Tuesday 7 Shawwal 1445 - 16 April 2024
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His father used to take some of his salary and buy property with it, then he became cognitively impaired; does he have any right to that property?

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Publication : 12-01-2024

Views : 1032

Question

I have been working for twenty-three years, and I am still working. For approximately fifteen years, my father used to take some of my salary to buy land with it and build on it. Please note that he is financially well off. He also used to pay most of the price from his own pocket, but that was so that he would be able to buy and build quickly. During this time, he registered some properties in my name, and he finished building on some of them. Because my father is sick, following a stroke, and is now cognitively impaired and not aware of anything, my question is: what is the ruling on these properties? Are they regarded as part of my father’s wealth? Please note that I have siblings, and now I am in charge of these properties. My second question is: I am now managing these properties, but I do not take any of his wealth; rather I am working to grow his wealth, and it takes up a lot of my time and energy. What you think about that?

Answer

Praise be to Allah.

Firstly:

What you gave to your father is subject to discussion:

1. If it was by way of a gift, then the properties all belong to your father, even if he registered some of them in your name.

It is not permissible to take back a gift, because of the report narrated by Abu Dawud (3539), at-Tirmidhi (2132), al-Nasa’i (3690) and Ibn Majah (2377) from Ibn ‘Umar and Ibn ‘Abbas from the Prophet (blessings and peace of Allah be upon him) who said: “It is not permissible for a man to give a gift or a present then take it back, except in the case of what a father gives to his son. The likeness of the one who gives a gift then takes it back is that of a dog that eats then when it is full it vomits, then it goes back to its vomit.” This hadith was classed as sahih by al-Albani in Sahih Abi Dawud.

2. If that was a partnership, meaning that some of the property belongs to you, then if what he registered in your name is equivalent to what you gave, then those properties belong to you.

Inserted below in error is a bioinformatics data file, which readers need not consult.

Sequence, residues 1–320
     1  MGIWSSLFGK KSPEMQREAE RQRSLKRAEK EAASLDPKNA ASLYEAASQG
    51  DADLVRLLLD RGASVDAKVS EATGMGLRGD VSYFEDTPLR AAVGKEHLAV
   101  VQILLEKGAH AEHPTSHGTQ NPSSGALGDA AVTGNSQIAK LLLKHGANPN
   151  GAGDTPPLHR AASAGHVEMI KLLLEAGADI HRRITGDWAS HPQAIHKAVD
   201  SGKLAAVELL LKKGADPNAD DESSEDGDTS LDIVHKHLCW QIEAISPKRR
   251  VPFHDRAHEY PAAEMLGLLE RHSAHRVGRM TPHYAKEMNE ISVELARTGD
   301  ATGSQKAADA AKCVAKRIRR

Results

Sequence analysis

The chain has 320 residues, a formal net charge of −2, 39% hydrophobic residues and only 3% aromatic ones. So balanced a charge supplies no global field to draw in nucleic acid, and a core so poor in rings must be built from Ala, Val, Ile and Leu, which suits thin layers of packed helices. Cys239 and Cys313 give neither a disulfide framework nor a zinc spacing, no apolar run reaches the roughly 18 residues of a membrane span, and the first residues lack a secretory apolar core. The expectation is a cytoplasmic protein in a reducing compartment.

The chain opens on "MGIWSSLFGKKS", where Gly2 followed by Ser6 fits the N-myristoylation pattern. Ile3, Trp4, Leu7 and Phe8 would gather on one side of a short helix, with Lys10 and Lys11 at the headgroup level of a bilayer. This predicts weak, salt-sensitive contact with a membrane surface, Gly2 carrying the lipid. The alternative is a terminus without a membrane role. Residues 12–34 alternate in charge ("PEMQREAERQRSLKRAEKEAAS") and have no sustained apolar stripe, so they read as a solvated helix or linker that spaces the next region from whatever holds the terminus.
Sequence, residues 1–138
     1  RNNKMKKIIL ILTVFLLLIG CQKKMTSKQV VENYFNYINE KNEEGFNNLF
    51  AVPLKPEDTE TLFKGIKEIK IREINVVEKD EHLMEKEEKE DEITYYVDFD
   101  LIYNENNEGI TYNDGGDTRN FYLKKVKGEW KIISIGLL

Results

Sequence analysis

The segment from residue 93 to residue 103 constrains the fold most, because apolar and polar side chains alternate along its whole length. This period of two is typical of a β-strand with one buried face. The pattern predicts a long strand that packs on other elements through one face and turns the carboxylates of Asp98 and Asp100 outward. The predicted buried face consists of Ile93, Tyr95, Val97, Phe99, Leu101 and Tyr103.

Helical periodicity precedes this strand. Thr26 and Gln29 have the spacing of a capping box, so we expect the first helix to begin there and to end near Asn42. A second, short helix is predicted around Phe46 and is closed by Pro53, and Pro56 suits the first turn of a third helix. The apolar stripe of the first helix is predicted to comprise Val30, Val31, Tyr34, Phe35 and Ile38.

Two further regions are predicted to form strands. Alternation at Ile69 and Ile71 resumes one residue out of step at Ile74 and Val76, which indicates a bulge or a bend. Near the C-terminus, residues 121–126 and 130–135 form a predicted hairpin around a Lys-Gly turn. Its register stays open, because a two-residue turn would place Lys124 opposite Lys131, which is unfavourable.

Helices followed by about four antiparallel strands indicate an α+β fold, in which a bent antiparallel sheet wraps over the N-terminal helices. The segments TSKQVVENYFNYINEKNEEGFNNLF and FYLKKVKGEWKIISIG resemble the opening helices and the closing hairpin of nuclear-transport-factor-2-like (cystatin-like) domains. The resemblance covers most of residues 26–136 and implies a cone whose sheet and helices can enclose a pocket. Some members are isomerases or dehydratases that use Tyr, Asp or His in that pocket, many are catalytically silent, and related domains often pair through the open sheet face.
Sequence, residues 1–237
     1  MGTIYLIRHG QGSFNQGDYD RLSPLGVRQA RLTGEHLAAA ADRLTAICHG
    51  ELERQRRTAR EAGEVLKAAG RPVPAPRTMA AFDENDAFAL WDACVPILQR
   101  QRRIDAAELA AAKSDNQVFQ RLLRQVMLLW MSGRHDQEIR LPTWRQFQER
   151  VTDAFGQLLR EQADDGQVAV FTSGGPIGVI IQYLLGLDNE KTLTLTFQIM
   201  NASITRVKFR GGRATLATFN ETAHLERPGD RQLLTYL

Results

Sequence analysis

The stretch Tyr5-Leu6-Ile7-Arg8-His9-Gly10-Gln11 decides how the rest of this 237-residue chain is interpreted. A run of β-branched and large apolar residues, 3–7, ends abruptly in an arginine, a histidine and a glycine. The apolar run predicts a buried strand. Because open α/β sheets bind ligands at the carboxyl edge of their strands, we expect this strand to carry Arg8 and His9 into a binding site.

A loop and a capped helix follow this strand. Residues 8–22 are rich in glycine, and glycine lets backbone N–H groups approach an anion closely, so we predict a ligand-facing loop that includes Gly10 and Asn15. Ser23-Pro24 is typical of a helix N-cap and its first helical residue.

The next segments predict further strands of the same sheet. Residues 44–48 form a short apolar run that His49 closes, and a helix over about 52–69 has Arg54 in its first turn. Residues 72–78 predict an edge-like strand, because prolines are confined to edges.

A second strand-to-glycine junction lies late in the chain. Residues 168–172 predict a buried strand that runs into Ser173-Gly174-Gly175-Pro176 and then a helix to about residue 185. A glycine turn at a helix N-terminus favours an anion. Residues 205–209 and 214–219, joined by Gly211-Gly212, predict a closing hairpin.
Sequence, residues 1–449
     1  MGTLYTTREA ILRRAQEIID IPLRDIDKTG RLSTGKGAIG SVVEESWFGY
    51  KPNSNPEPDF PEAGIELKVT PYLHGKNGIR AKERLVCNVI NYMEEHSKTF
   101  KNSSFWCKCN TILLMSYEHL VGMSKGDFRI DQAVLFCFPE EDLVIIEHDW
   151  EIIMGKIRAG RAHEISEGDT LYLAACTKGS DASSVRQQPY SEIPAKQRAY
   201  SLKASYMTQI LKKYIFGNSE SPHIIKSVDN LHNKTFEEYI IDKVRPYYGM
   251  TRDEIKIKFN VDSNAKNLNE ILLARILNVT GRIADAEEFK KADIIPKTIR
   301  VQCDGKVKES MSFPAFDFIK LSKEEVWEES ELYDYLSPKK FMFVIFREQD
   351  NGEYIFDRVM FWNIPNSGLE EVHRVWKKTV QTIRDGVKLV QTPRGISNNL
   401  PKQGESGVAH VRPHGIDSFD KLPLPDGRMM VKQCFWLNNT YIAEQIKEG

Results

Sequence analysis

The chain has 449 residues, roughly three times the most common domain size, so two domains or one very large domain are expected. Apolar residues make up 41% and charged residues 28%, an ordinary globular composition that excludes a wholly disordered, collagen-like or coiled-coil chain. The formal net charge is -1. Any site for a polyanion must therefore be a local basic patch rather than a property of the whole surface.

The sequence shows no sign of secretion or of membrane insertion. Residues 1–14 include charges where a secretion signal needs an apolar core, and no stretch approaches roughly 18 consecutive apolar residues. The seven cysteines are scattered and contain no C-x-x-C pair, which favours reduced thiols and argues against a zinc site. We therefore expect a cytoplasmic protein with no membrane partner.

But if what he registered in your name is worth more than you are entitled to, the extra amount was a gift, but he has to be fair in giving gifts to his other children, unless your siblings agreed to that. If they did not agree to your receiving something extra, then it must be returned to your father’s wealth.

Secondly:

The wealth of your father who is cognitively impaired and no longer aware of things must be kept and not spent on anything, except on his maintenance and the maintenance of those on whom he is obliged to spend.

In al-Mawsu‘ah al-Fiqhiyyah (45/162) it says: There is no difference of opinion among the jurists regarding the fact that it is not permissible for the guardian to dispose of the wealth of one who is legally incompetent except in the most careful and prudent manner, and in the manner that best serves his interests, because of the hadith: “There should be no harm and no reciprocating harm.”

Based on that, they said: Handling the money in a manner that serves no interest for the legally incompetent person – such as giving gifts for nothing in return, making bequests on his behalf, giving charity on his behalf, manumitting a slave of his, or showing favouritism when selling – is something that the guardian has no right to do, and he is liable for whatever he gives as a gift or a charity, or for manumitting the slave, or showing favouritism when buying and selling, or if he spends more than is proper on maintenance, or he gives any of the wealth to someone who is not trustworthy, because he is giving away that which belongs to him without getting anything in return, so it is pure harm…

There is no difference of opinion among the jurists regarding the fact that the guardian must spend from the wealth of the person under his care on his maintenance and that of those on whom he is obliged to spend, on a reasonable basis, without being extravagant or stingy, because Allah, may He be exalted, says (interpretation of the meaning):

{And who, when they spend, are neither extravagant nor stingy, but follow a middle path between the [two]} [al-Furqan 25:70].

The Shafa‘is and Hanbalis added: If he is stingy in spending on maintenance, he is sinning, and if he is extravagant, he is sinning, and he is liable for his negligence. End quote.

Thirdly:

It is permissible to take some payment on a reasonable basis for developing and growing the wealth, if that takes time and effort, provided that it is no more than the going rate for similar work, because the son is not obliged to work with his father or to develop his wealth.

And Allah knows best.

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Source: Islam Q&A